For my “found image” I picked three stop signs that had been graffitied to photograph and transform.
Graffiti can be seen as the original act of artistic reappropriation. The definition (see: http://www.oed.com/view/Entry/80475#eid2641113) describes the original meaning to be “scribbling on an ancient wall,” and also ties the graffito to artistic practices as part of a decorative pottery process.
I am interested in the way graffiti plays with so many fields of expression: from art to advertising, personal stamp to anonymous commentary. It can be political, humorous, angry, suggestive, offensive, meaningless, all of these, or none. What is particularly fascinating is that graffiti is inherently authorless. As a transgressive act, “drawing” graffiti is something done in secret, at night, such that no one knows whom the author was in the morning. It is meant to be seen by all, yet created by no one--at least, no one with a specific legal identity. Indeed, when graffiti consists of an authorial stamp, the specific writing style developed by graffitists consists of making that stamp illegible. We may recognize a symbol seen around the city, but cannot know to whom it refers (and therefore, no one can be punished).
Of course, graffiti as an “art” has developed over time, with the term including the practice of performing the creation of spraypainted art on the street, ultimately for sale to passersby (in which case it isn’t part of the urban landscape, transforming someone else’s property, so it isn’t “graffiti” in the traditional sense). It is also performed as art for public benefit when condoned as part of “reclaiming” urban spaces projects. In both these cases, graffiti loses its transgressive function and abides by a purpose beyond the act itself.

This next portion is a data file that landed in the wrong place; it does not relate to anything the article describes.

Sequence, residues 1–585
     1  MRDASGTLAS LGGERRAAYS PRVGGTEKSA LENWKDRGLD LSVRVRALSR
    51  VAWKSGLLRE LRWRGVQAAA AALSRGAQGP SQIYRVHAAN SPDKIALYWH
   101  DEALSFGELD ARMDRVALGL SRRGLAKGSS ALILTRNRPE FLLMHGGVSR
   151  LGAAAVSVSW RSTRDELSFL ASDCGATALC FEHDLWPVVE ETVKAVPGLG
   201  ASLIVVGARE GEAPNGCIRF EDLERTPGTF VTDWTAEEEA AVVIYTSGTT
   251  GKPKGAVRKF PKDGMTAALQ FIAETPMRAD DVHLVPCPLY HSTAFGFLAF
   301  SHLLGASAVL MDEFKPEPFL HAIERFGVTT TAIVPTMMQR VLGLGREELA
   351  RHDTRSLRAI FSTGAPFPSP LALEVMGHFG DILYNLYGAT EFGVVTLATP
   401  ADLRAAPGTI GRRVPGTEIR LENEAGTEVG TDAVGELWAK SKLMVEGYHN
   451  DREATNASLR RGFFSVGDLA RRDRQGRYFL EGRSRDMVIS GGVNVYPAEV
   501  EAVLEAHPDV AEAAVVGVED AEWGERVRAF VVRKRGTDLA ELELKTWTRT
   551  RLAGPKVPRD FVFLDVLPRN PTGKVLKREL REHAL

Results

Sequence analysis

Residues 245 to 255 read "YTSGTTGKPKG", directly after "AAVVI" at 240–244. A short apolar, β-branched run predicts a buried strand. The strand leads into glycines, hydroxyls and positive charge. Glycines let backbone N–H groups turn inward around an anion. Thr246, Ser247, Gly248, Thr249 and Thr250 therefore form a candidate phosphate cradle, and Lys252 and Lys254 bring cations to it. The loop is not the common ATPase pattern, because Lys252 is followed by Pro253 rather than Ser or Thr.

Traditional understandings of graffiti are as much or more about the process itself, the act of “defacing” (aka reappropriating) public property, than about the product (though not, perhaps, in the case of advertising stickers). And with urban projects such as Providence’s “Graffiti Task Force” (see: http://www.providenceri.com/graffiti-taskforce) on the lookout, as well as competition from other graffitists, graffiti is best understood as ephemeral expression. The more prominent the placement, the more egregious the message, and/or the more complete the reappropriation of the surface, the more likely the work is to be destroyed, particularly by “the authorities” (dun dun DUNNNN). Thus, for graffiti to last, it must be as tolerable as it is noticeable.
This is why I chose to look at stop sign graffiti. For the most part, it is low on the priority list for clean-up, since the sign can still be said to function even with the text partially obscured---and after all, as long as the sign is still red, what driver would actually not know what the octagon meant? However, it would no longer truly be a “stop sign” per se because the stop sign functions as a combination of text and image. Graffiti, too, straddles this ontological boundary, usually functioning as graphic text or textual image (including in the case of advertising stickers).
To reappropriate these reappropriations for myself, I first chose three signs that seemed typically graffitied (including one that reappropriates the “STOP” text for its own message, a popular practice). I photographed them as the best way of documenting them. The only change I made was simple: switching the colors of the signs themselves. Because a stop sign’s functionality lies in both its form and its content, and the content had already been altered by the graffitists, I chose to alter the form in the simplest and most radical way possible. The colors chosen are meant to be very different from the original red, and are intentionally reminiscent of Andy Warhol's pop art. The signs are further transformed by reducing their spatiality when I printed them out on plain paper. I then chose a different method of street expression, one typically used for conveying information, by stapling the images to telephone poles, intentionally covering other posters. In doing so, I hope to make people wonder: Who made these? What do they mean?---questions that might be asked of any graffiti. For myself, I think this simple translation changes the ontology of the stop sign entirely and reflects the ambiguity of graffiti as image and text, art and destruction.